Home>Team>CROSH Leadership Team, Research Leads, and Staff
CROSH Leadership Team, Research Leads, and Staff2022-10-14T13:17:06-04:00
CROSH Leadership Team
Dr. Sandra DormanDirector
Dr. Sandra Dorman is the Director of the Centre for Research in Occupational Safety and Health, and a Full Professor at Laurentian University. Dr. Dorman’s expertise is in physiology/pharmacology and her research program focuses on health promotion and disease prevention in the occupational setting. Her recent work has centred on fatigue mitigation (including nutrition, fitness, sleep, stress and psychosocial hazards) in physically demanding workforces (such as Mine Rescue, Mining, Wildland Firefighting, and Structural Firefighting) with high incidences of fatigue-related injuries. Currently, she is focusing on two primary themes in the occupational setting: 1) modifiable contributors to fatigue, and 2) the use of wearable technology in the occupational setting. She has a track record for successfully addressing host-identified problems and communicating information back to the host organization.
705-675-1151 ext. 1015
Dr. Alison GodwinAssociate Director
Dr. Godwin is the Associate Director of CROSH. As an emerging leader in OHS research, Dr. Godwin has a consistent track record in publishing original research pertaining to line-of-sight and the reduction of fatal injuries in the workplace. Her occupational health and safety interest include developing a portable data collection tool to gather long-term joint loading data in industrial sectors, using methods of functional data analysis to evaluate the effect of fatigue on cumulative loading waveforms and investigating gender differences that occur in manual material handling tasks.
705-675-1151 ext. 1079
Dr. Kathryn SindenHuman Factors and Ergonomics Research Lead
Dr. Sinden is the Research Lead for Human Factors and Ergonomics at CROSH. Dr. Sinden’s research aims to prevent and reduce the human and financial impact of workplace injuries through 1) Applied Ergonomics. She collaborates with employers, workers and other stakeholders, using principles of knowledge translation, to develop tools that can be used in primary and secondary injury prevention. 2) Identifying Determinants of Occupational Task Performance. Dr. Sinden uses motion-capture and electromyography to identify how gender impacts development of muscle fatigue during occupational task performance.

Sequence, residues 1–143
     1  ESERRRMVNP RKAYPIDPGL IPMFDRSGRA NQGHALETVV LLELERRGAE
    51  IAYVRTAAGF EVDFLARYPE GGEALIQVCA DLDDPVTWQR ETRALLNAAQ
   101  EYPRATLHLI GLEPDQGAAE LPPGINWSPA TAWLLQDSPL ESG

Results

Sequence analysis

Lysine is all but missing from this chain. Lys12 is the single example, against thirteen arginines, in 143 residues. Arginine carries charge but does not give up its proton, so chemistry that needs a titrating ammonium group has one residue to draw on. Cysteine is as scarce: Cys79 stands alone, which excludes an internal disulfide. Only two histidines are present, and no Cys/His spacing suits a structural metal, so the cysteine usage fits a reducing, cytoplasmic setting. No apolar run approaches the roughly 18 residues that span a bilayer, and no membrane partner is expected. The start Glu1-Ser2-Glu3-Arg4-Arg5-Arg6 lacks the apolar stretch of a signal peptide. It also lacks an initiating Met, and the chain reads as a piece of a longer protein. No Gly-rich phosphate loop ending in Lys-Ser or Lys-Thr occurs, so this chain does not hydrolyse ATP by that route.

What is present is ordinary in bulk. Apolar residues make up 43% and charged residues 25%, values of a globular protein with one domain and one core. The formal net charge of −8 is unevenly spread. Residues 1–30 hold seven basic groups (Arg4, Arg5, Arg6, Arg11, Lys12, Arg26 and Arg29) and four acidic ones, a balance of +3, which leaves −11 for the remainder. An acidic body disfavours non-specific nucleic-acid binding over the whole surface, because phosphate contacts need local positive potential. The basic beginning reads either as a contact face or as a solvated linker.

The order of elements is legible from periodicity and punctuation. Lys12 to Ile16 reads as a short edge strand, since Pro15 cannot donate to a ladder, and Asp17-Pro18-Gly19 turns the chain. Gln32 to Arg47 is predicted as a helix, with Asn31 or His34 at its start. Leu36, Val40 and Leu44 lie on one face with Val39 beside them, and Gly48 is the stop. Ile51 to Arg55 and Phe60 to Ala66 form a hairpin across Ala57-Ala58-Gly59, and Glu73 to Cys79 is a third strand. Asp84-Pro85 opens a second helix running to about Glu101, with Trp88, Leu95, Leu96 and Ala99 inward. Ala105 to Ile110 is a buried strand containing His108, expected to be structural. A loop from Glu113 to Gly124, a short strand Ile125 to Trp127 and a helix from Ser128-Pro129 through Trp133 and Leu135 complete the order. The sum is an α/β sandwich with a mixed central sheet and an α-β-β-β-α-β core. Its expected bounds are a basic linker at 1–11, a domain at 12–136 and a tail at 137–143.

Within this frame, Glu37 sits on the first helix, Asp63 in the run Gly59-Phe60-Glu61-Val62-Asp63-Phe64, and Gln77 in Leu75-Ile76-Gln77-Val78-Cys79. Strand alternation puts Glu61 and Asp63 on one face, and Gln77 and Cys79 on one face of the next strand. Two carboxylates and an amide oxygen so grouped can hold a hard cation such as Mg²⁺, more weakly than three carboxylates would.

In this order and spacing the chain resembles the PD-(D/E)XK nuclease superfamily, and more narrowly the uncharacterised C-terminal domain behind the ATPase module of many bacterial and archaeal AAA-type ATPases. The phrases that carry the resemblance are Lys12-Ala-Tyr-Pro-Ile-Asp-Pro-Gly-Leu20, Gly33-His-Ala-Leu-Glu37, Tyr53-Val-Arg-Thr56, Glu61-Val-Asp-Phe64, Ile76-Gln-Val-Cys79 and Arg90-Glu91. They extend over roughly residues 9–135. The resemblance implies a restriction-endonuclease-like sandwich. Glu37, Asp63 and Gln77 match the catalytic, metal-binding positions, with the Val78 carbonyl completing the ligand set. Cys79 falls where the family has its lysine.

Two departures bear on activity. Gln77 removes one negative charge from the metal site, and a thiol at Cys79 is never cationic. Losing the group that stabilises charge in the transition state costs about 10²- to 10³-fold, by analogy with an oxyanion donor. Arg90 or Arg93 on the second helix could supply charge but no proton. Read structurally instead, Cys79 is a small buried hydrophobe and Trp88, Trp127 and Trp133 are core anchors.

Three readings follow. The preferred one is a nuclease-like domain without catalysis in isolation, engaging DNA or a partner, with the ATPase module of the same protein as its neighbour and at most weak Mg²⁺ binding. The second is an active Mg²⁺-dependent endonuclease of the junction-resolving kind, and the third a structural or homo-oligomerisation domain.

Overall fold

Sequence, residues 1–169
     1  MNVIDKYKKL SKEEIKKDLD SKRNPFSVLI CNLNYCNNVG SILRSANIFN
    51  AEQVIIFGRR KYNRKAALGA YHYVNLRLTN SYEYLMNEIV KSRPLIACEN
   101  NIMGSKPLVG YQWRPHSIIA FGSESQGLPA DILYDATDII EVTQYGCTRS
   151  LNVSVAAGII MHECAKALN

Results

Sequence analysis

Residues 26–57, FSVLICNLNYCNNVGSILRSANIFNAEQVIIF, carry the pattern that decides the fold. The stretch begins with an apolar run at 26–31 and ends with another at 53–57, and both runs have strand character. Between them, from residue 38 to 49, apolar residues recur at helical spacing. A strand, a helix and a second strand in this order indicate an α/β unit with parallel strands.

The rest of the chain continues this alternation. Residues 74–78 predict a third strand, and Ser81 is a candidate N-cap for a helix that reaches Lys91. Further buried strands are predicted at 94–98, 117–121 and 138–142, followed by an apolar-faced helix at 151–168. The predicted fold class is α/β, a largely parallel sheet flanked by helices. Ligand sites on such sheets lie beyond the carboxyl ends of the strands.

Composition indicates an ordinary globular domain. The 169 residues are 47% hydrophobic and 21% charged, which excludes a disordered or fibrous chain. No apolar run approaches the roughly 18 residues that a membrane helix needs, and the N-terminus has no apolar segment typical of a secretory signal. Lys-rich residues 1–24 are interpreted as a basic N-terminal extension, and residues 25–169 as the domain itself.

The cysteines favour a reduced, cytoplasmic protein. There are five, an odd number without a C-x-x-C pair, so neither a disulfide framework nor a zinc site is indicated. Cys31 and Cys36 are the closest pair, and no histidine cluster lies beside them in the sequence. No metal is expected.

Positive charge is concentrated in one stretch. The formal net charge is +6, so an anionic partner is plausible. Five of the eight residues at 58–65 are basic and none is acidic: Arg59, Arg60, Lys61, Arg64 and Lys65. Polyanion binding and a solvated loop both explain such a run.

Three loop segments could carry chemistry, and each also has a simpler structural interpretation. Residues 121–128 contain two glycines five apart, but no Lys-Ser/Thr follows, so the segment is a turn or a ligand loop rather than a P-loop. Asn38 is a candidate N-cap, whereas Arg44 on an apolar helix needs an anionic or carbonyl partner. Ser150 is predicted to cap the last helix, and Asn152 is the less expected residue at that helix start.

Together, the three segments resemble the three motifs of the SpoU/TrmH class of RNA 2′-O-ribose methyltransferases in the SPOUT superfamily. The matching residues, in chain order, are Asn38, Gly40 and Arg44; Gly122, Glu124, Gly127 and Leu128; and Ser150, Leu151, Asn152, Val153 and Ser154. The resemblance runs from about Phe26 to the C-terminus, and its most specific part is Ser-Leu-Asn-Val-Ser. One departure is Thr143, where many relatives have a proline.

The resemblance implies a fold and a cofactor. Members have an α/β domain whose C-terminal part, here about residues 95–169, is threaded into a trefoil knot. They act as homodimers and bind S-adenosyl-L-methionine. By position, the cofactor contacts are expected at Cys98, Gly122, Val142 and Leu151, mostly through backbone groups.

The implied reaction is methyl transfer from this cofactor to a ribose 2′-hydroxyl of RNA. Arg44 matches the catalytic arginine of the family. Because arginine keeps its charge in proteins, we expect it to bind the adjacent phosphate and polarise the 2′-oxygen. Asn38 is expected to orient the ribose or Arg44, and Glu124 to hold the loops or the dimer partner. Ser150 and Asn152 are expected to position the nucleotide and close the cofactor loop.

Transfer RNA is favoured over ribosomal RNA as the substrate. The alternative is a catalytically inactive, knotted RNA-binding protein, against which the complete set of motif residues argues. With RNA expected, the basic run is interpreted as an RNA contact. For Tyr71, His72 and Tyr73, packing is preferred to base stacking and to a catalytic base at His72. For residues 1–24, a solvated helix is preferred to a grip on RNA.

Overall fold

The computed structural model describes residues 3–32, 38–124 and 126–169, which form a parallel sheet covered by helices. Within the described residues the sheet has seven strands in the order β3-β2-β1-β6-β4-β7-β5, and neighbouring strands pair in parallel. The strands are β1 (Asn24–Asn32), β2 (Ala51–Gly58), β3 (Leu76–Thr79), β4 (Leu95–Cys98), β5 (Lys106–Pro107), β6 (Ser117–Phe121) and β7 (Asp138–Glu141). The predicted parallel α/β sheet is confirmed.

Nicole LafreniereOccupational Health and Wellness Research Lead
Nicole Lafrenière is a Master Lecturer at Laurentian University, Lecturer at the Northern Ontario School of Medicine, and the Collaborative Simulation Educator between Health Sciences North, Laurentian University and the Northern Ontario School of Medicine. Nicole completed her Bachelor of Science in Nursing (BScN) with honors at Laurentian University and has her Master of Nursing from Laurentian University. Nicole comes with expertise in education, nursing, simulation, patient experiences and interprofessional practice/education. She has past clinical experience in pediatrics, public health and in the operating room. Additionally, Nicole participates in several research initiatives specific to simulation, interprofessional education and reproduction. She is happily married and the mother of Maverick and Eric Lafreniere and enjoys working with others and watching her kids play hockey.
Dr. Nicholas RavanelliOccupational Physiology and Environment Research Lead
Dr. Nicholas Ravanelli is an Assistant Professor in the School of Kinesiology at Lakehead University. Dr. Ravanelli’s overarching research objectives are to derive efficient, safe, and effective evidence-based strategies to mitigate heat-related illness for occupational settings, explore the impact of common comorbidities in the workforce on thermoregulatory function, and advance our current understanding of fundamental thermoregulatory control mechanisms.
Dr. Katie Goggins, PhD, CCPECROSH Senior Scientist
Dr. Katie Goggins is CROSH’s Senior Scientist. She is an Adjunct Professor in the School of Kinesiology and Health Sciences at Laurentian University and Part-Time Professor, Safety and Environmental Studies, Cambrian College. Her research interests focus on the role of biomechanics, human factors, and ergonomics on industrial health and safety and occupational disease.
Tobi has a BA in English from the Royal Military College of Canada, an HBSc in Ecology and Evolutionary Biology from the University of Toronto, and a Masters in Science Communication from Laurentian University. As the Marketing Communications Specialist at CROSH, he assists with communications, knowledge translation and exchange, and marketing.